Earlier this week, the legendary bond investor Bill Gross made some startling observations about the stock market.In doing so, he made several smart points.
He also made a fundamental mistake that suggests he doesn’t understand the source of long-term stock returns.
Many observers, including Wharton professor Jeremy Siegel and I, politely called Mr. Gross on his mistake, explaining why he was wrong. I also suggested that, given his visibility and influence, it would be appropriate for Mr. Gross to acknowledge and correct his mistake.
As yet, Mr. Gross has not done that.
Rather, he has gone on the attack, insulting Professor Jeremy Siegel on Bloomberg TV and saying that Siegel belongs “back in his ivory tower.”
As I said in my original article, even brilliant people make boneheaded mistakes from time to time, and there’s no shame in doing that. What is shameful, or at least annoying, is refusing to acknowledge those mistakes and attacking other people when they call you on them.
So, it’s time to explain in more detail why Bill Gross appears to fundamentally misunderstand the sources of long-term stock returns.
First, Here’s What Bill Gross Is Right About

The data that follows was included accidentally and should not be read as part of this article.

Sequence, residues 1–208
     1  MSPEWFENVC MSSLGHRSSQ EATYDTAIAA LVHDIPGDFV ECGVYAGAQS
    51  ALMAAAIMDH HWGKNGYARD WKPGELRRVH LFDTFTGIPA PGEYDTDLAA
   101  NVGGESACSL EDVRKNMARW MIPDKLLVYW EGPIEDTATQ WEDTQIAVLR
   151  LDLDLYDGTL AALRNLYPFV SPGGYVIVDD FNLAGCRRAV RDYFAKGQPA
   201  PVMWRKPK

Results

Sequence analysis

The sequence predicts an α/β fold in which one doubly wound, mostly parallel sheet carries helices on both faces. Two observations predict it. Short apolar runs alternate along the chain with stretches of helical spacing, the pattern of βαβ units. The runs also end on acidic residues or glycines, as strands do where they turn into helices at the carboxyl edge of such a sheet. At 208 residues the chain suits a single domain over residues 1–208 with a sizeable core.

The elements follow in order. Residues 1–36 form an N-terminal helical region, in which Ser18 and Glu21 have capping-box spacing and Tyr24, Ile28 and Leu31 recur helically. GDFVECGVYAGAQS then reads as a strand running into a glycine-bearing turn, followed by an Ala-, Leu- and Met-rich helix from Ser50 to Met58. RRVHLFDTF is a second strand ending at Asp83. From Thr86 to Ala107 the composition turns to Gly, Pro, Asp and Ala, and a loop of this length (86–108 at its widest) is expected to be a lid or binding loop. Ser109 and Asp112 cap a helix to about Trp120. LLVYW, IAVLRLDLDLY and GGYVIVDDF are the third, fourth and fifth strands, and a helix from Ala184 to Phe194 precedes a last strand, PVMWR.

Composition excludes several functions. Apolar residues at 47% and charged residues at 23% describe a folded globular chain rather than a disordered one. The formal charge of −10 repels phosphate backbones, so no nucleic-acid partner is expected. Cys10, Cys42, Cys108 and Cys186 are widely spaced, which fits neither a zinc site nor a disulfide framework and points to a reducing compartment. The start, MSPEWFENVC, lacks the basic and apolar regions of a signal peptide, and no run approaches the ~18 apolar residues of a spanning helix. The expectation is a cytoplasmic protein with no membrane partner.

To avoid confusion, I first want to note what he is right about. He made many smart observations in his column, and he deserves to be applauded for those.
First, Bill Gross argued that the “cult of equities” is dying. He’s right about that. The “cult of equities,” you will recall, is the buy-and-hold religion that developed over the 18-year bull market that ended in 2000. Long bear markets eventually sour an entire generation of investors on the stock market, and we’re in the middle of one of those bear markets. If enthusiasm for stocks isn’t dead yet, it will be in a few more years. And, ironically, that should actually be an excellent buying opportunity. Most of the great bull markets, like those from 1920-1929 and 1982-2000 are preceded by long bear markets in which almost everyone comes to loathe stocks. Why are the end of those periods great buying opportunities? Because prices are low and there’s no one left to sell.Next, Bill Gross observed that the corporate wages are at an all-time low as a per cent of GDP because companies and shareholders are being too greedy. This is also a very smart point. This corporate and shareholder greed is hurting the economy because it’s depriving average workers of good salaries and, instead, putting more and more of the country’s wealth in the hands of “the 1%.” Over time, this situation will correct itself, either because corporations will choose (or be forced) to pay workers more or because the middle class will rise up in a revolution. And as this situation corrects itself, salaries will likely rise and corporate profit margins will decline. And that will be bad for stock prices.